Former Burmese refugees from India are doing well as students in University of Indiana in Bloomington with high ambitions for the good of Burma.
Eliza Varney is an ethnic Chin who finished high school in Mindat township and studied for two years at the University of Rangoon. In 1998 he found himself in India as a refugee. There he heard about the Burmese Refugees Scholarship Program.
Thanks to that program he is now taking a non-degree course in Informatics, Accounting and Math at the Indiana University in Bloomington. He told VOA that he hopes to finish his doctorate there to be able to work back in Burma as an economics professor.
Another student Yaza Tint Swe, who comes from Monywa, was also a refugee in India after finishing high school in Burma in 1994. Through Distance Education Program he graduated high school in India and continued to pursue computer studies independently from 1998 through 1999.
Yaza Tint Swe finally graduated from Manipur University in India in computer science in 2001. He said he really likes the American educational environment at the Indiana University where he works part time, studies, diligently copes up with a lot of homework all by himself. His ambition is to be a computer scientist in future Burma.
Another ethnic refugee who tells a moving success story is Nwan Thuay, a Chin girl who first arrived at the New Delhi Refugees Center in 1998. She picked up the English language only when she got there and studied English grammar hard through the Distance Education Program.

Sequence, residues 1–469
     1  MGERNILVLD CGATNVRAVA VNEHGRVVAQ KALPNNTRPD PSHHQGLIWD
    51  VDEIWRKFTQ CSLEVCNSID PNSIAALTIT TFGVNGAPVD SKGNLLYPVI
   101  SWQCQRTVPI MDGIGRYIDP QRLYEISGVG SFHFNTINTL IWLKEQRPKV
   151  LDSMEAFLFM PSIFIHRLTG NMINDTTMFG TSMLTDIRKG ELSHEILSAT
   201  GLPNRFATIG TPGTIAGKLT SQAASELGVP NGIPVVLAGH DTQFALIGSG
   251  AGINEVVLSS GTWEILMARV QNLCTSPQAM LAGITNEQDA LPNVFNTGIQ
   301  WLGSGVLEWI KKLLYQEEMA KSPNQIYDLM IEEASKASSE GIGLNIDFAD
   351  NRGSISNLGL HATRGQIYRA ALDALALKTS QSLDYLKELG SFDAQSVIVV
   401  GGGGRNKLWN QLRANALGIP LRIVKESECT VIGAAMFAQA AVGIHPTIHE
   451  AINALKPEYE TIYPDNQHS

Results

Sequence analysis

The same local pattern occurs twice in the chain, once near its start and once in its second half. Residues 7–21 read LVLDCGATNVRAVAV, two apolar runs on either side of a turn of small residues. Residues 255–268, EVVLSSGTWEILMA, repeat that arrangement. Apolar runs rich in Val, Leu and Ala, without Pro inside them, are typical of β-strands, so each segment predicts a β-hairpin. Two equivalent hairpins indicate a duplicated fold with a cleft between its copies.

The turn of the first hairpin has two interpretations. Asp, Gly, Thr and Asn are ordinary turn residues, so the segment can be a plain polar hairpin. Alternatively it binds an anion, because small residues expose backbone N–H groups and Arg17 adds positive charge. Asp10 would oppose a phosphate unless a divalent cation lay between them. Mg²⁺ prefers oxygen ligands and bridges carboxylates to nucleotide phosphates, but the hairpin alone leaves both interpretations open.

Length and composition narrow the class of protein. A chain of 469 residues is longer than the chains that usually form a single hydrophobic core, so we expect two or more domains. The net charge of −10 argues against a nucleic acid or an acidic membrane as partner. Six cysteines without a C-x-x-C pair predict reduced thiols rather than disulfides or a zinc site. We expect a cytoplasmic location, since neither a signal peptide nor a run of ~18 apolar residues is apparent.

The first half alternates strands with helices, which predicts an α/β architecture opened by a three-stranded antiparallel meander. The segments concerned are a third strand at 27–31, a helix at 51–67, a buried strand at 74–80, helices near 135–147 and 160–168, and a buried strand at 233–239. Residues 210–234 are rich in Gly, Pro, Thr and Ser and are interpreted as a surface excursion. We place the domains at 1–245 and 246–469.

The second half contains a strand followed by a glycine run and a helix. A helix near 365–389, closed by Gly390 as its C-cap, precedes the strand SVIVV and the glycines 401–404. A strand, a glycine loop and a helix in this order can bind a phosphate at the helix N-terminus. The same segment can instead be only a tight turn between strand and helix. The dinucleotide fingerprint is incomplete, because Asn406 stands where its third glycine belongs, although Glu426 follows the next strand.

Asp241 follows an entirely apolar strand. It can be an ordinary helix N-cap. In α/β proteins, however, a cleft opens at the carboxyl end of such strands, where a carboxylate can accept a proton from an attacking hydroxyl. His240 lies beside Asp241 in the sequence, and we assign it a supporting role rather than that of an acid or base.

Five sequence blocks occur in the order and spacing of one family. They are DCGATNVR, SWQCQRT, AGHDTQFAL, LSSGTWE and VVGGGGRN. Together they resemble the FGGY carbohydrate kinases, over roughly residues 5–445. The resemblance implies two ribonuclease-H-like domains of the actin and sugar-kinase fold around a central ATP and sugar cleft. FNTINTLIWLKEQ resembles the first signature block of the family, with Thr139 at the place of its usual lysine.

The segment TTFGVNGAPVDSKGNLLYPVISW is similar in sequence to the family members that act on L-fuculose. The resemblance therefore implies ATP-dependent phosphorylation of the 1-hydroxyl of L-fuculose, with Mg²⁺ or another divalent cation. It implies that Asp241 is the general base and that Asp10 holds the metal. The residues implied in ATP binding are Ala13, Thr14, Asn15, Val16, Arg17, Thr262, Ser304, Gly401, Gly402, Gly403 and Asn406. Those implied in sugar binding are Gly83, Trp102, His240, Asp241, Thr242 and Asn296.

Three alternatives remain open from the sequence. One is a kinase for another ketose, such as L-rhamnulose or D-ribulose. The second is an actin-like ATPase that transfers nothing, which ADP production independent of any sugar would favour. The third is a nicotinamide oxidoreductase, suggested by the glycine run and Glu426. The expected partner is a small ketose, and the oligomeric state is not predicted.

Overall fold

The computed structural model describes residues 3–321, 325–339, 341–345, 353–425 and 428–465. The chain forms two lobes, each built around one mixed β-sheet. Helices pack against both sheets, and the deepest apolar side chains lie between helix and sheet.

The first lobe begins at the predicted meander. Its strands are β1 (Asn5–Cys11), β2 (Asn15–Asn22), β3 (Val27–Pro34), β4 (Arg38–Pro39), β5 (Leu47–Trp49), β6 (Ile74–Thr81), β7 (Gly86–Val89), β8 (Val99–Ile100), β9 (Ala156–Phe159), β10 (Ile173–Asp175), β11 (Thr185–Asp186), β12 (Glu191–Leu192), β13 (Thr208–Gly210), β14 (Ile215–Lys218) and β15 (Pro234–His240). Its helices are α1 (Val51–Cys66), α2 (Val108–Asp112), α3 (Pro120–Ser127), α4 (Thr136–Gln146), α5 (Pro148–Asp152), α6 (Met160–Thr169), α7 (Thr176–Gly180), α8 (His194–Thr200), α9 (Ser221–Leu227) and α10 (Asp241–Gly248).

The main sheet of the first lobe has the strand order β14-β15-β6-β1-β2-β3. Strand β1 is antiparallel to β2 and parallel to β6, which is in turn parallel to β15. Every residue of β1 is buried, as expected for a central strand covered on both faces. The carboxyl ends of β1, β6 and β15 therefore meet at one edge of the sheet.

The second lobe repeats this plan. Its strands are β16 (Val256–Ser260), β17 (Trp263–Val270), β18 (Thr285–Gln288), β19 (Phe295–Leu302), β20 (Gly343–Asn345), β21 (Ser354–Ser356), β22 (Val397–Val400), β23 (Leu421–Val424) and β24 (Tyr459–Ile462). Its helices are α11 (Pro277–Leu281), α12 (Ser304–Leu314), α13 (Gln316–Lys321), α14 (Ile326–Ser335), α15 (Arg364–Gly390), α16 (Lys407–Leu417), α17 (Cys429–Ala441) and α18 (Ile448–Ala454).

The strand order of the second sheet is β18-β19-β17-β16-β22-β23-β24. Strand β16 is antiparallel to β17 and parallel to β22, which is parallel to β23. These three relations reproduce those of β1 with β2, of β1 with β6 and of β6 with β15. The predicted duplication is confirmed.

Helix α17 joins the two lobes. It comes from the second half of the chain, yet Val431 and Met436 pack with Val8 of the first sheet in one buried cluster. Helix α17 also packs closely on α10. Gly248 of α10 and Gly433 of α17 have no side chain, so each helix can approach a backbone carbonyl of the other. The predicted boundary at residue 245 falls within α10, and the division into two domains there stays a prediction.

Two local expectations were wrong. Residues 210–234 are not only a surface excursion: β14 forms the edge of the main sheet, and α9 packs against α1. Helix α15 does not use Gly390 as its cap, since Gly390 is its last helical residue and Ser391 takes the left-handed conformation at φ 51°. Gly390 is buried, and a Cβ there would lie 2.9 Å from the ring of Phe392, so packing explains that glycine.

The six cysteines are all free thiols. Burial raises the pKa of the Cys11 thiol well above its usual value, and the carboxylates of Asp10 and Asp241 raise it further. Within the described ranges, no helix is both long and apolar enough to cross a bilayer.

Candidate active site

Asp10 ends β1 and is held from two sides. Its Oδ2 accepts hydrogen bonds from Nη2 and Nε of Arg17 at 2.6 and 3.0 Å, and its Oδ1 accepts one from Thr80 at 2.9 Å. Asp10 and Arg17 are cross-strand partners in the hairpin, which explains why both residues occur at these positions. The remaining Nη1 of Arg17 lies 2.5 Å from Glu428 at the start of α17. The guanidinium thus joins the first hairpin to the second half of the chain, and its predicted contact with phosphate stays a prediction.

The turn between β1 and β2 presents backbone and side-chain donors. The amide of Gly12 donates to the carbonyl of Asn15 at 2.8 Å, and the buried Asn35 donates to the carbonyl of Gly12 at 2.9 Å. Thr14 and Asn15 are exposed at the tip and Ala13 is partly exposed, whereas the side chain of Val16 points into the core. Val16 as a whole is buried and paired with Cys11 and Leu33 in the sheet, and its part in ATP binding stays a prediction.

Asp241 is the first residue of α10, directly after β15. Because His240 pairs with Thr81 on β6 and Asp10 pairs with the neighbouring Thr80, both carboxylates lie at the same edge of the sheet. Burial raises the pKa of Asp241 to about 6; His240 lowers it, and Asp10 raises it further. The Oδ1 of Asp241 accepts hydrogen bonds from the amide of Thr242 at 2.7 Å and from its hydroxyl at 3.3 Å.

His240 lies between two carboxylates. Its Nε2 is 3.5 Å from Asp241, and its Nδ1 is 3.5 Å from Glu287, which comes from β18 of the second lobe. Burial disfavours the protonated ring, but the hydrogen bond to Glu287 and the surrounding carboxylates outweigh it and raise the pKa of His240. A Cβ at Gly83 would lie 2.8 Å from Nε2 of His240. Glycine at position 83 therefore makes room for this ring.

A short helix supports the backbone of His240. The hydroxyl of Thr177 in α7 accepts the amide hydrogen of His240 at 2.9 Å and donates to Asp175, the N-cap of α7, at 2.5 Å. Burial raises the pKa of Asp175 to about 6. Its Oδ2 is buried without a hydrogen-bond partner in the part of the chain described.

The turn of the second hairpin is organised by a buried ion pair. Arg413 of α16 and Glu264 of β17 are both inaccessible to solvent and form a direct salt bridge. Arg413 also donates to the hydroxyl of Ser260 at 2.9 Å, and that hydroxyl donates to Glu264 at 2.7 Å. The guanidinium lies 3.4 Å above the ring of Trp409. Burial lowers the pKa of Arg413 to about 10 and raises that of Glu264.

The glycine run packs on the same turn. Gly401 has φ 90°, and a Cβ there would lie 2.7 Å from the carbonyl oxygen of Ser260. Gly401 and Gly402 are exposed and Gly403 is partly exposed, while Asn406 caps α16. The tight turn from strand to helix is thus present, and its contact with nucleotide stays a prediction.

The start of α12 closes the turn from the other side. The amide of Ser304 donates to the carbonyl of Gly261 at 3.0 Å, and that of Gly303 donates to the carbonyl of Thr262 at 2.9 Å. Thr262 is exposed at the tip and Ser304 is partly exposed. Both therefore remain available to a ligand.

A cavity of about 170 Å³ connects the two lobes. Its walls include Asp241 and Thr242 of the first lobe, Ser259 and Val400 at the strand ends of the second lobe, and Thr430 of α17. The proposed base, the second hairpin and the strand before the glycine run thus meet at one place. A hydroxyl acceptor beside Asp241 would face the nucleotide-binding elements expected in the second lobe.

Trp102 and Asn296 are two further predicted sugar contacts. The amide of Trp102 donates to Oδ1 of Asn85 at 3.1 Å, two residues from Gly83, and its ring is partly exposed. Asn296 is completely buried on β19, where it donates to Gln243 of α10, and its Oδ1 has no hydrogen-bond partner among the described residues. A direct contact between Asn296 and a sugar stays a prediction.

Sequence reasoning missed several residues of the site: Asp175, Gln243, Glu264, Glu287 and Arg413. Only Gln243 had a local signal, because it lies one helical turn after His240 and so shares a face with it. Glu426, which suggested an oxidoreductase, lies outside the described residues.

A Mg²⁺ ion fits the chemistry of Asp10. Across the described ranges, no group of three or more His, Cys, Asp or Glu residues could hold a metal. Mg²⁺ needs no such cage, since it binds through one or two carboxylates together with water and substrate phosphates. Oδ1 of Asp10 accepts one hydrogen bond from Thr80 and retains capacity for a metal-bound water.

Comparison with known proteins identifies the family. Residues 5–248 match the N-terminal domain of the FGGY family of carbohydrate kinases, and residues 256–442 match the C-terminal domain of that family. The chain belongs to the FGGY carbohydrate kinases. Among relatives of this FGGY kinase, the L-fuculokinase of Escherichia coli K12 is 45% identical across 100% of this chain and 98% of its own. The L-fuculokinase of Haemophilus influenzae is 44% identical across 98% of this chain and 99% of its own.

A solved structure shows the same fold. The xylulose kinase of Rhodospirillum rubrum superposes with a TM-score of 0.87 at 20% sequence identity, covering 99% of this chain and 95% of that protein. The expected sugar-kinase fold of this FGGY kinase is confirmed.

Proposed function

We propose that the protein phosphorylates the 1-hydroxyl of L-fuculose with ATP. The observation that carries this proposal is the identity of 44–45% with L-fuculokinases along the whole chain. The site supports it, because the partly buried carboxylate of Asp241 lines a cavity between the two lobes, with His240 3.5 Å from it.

Later she studied at a Bible School. While there, during a three-month recess, she worked as an interpreter at the office of the United Nations High Commissioner for Refugees. After graduation, her proficiency in English helped her land up as an interpreter for women patients at a clinic for refugees in New Delhi.
She told VOA that she is bracing for the Indiana weather -- following the footsteps of other Chin students who came before her to the Indiana University in Bloomington -- in order to fulfil her goal in life.
A wonder of wonders is the story of Aung Kyaw, an ethnic Arakanese who was studying in the fourth grade when he left his hometown Paletwa for India as a refugee in 1993.
He went through the mill studying in the State of Mizoram in India up to the eighth grade and finishing high school through a correspondence course from National Open School in New Delhi. He graduated from Delhi University with a degree in political science. Currently, he is taking a course in journalism in Indiana University with a strong will to work as a correspondent in southeast Asia.
These touching stories of the four former-refugees-turned-students of the University of Indiana could be an inspiration for other refugees from Burma who, for reasons beyond their control, are now displaced in various parts of the world.